Could it be that Ferrari is a smaller player in percentage terms in the car market than MF manufacturers in the camera market?
Ferrari may take exception to be labelled moribund.
That's an interesting example for various reasons:
1. It validates the proposition that small series companies in the high end can be very profitable (the luxury segment as a whole validates this as well),
2. But it does in fact not really validate the position that independant high end brands in competitive technological fields can remain at the forefront of technology based on their own revenues alone (even with very high prices).
1. Ferrari is similar to Boeing in that one business line (F1/military) manages to fund to a large extend the high end technological developement of another business line (sports car/civilian planes). In the case of Ferrari, the sports car division is in fact fed with technologies both from high end (F1) and mass products (Fiat/Chrysler group). It is of course more complex than that because their involvement in F1 also serves a clear marketing purpose whose monetary value only themselves can assess.
2. When you look more into the details of the components making up the value of a car (Ferrari or VW), you'll quickly realize that a lot of that is coming from suppliers like Bosch who spread the cost of their R&D over basically all the Automotive OEMs (tens of millions of cars). This is especially true for ECU (Engine Control Units), etc...
This is even more obvious for Lamborghini whose 4x4 powertrain is directly inherited from Audi who owns them. There is no way Lamborghini could have developped by themselves the Quattro technology, even when they sell their cars 200,000+ Euros a pop. Look around, there is not a single high end sports car brand that managed to remain credible without being integrated in a larger conglomerate whose IP results from the income resulting from mass produced goods revenue.
OK, it is true that Dalsa is somehow behaving like Bosch and that their defense R&D does, to some extend, certainly contribute to the technology they are using in their MF sensors. But those are pretty small series also with arguably pretty different sets of specs/needs. I would love to be told wrong and see them come up with a live view enabled nex gen sensor performing as well as that of the D800. I mean this. But I have serious doubts about their ability to come up with the R&D/process goods.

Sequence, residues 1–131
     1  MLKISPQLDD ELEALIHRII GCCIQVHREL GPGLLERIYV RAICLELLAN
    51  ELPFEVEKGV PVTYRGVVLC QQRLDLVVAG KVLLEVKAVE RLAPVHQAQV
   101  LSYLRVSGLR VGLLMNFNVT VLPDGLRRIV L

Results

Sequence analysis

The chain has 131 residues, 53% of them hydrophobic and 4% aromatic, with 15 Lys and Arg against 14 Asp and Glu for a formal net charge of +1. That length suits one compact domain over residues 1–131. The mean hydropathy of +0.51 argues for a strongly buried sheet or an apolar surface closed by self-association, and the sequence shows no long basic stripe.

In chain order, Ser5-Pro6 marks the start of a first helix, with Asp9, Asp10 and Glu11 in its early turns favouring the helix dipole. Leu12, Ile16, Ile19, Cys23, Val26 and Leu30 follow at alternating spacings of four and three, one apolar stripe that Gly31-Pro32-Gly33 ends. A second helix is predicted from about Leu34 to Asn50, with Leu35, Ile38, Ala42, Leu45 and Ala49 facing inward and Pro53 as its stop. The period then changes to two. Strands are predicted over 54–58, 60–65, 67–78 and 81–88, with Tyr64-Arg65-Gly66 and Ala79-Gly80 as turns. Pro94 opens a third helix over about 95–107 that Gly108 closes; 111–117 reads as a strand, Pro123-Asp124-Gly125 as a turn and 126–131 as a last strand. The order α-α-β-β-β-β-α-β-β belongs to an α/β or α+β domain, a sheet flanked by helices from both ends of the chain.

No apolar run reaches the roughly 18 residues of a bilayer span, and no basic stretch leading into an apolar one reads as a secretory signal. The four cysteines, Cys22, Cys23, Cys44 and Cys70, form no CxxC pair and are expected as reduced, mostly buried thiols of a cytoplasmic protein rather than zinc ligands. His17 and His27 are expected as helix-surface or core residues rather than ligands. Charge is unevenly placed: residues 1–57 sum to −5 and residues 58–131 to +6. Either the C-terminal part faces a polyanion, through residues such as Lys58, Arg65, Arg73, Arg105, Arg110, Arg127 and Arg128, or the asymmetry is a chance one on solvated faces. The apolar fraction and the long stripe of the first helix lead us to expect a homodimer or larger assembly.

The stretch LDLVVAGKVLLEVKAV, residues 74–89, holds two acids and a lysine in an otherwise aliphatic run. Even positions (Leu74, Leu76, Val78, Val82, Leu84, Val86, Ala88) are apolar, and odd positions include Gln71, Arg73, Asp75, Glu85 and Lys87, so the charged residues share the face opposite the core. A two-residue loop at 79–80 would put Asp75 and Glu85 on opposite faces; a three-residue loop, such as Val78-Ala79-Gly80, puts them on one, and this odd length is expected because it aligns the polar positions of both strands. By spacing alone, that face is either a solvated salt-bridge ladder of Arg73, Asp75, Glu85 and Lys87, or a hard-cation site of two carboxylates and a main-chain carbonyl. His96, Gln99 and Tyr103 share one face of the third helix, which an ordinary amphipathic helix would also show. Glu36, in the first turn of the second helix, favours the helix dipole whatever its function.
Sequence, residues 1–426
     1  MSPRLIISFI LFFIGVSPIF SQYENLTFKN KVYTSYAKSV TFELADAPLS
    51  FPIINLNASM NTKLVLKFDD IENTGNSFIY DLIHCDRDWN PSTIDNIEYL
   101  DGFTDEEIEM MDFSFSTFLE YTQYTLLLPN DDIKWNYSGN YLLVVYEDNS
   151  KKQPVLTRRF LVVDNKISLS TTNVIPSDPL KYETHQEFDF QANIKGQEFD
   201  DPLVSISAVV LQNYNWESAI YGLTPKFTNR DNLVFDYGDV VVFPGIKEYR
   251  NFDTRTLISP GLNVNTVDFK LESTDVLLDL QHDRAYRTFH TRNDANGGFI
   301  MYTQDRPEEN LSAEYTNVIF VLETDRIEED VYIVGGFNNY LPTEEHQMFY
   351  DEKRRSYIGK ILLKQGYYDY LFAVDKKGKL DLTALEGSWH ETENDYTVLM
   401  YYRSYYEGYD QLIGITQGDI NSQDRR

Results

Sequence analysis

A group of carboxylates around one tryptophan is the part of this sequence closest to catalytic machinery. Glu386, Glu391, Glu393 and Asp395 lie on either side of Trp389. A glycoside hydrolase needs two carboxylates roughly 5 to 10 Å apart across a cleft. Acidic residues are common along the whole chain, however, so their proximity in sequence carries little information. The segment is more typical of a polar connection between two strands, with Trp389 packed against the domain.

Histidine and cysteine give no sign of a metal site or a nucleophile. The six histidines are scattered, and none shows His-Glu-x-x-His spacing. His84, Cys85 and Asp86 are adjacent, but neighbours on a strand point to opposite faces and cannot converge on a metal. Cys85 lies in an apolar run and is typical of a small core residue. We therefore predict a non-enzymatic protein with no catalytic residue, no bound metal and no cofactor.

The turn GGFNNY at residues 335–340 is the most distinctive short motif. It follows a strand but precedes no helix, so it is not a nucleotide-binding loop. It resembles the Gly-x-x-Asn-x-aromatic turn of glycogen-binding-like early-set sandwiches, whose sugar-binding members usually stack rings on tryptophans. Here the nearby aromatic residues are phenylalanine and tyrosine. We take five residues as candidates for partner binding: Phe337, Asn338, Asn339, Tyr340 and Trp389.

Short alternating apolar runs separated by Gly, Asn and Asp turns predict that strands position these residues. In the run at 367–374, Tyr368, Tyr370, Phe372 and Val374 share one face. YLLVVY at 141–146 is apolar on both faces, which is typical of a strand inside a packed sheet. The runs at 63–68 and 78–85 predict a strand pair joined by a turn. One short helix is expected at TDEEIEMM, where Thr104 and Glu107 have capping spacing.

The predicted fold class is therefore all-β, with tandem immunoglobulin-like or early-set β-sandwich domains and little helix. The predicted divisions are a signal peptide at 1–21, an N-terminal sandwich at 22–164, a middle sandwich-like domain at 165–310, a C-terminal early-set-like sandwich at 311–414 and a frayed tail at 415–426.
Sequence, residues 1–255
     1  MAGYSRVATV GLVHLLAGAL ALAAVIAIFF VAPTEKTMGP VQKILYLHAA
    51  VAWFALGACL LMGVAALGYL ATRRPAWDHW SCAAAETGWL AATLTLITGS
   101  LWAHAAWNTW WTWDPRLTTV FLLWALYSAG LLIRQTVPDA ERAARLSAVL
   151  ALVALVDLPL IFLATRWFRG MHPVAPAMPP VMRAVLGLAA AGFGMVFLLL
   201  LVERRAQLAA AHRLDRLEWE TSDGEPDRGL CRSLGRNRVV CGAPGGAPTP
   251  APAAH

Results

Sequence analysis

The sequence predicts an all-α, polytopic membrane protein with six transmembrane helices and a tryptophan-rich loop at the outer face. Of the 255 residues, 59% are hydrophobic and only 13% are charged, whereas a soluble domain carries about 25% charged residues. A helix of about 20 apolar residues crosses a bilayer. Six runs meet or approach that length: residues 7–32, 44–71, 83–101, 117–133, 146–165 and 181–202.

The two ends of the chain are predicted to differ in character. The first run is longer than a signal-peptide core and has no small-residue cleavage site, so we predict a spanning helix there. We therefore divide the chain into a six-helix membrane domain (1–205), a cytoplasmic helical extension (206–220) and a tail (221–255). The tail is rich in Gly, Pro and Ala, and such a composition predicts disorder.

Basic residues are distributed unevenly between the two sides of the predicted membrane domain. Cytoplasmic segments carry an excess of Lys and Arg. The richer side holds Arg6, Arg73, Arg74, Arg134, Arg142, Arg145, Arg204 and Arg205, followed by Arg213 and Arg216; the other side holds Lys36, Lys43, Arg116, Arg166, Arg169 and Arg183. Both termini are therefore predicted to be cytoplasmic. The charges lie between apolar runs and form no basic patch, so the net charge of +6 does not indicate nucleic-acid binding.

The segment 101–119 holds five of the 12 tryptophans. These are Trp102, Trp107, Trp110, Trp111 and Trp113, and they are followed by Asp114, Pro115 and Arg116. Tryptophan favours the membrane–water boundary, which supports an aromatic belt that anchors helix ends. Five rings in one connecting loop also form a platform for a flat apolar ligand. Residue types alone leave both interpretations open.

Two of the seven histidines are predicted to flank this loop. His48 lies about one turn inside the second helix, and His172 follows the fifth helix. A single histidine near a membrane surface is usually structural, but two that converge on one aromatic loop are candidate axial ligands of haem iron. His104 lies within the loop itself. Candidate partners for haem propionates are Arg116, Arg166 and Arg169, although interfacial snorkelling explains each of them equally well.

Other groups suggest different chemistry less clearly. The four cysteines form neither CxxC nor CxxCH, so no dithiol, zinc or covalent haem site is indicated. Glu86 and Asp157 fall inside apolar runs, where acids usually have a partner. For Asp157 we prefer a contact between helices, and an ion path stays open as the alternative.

Now, as Yair mentioned, there is certainly a market for high end backs not offering live view, but it sadly fails to attract people like myself who would otherwise have been prime candidates to be on their customers list.
So why do I not own a Phaseone/Hassy back for my - mostly - landscape needs? The main objective reasons today are:
- [Show Stopper] Lack of live view makes accurate focusing difficult in low light/near infinity,
- [Show Stopper] Price for value compared to the competition/actual needs (this is getting worse generation after generation),
- Issues with color casts when using some movement with some lenses. I know they can mostly be corrected with a second frame and software corrections,
- Concerns about the weather sealing of backs/cameras,
- [Potential show Stopper] Concerns about battery life in cold weather, various data were published but nothing super clear on this front. Just tell us how many frames it can shoot at -10C on a full battery charge with 3 sec review per image between captures.
- Weight/Bulk, particularly for long lenses,
- Doubts about the ability of Phaseone/Hassy/the whole ecosystem to remain competitive technology wise with their current low volume business model (as mentioned, I am not too concerned about their ability to stay in business).
Why would I want to own one?
- [High value] Reduced need for stitching thanks to higher native resolutions,
- [High value] Ability to work on a variety of camera platforms (tech,...),
- [High value] Typically larger viewfinders provide a nice shooting experience,
- [High value] Network of highly skilled VARs such a Capture Integration,
- Perhaps a different look, although I am being careful here as looks for landscape can be a tricky avenue,
- Probably a slightly higher DR for the latest backs (although it remains to be quantified - DxO sees the opposite),
- Availability of Leaf shutter lenses could provide some more creative options in the studio (not my main application by any means through).
You guys know what remains to be done if you want my business, come up with a 80mp back with usable live view around 10,000-12,000 US$ I will start looking at the offering very carefully. Don't forget that the D4x/3D will be even better than the D800e though.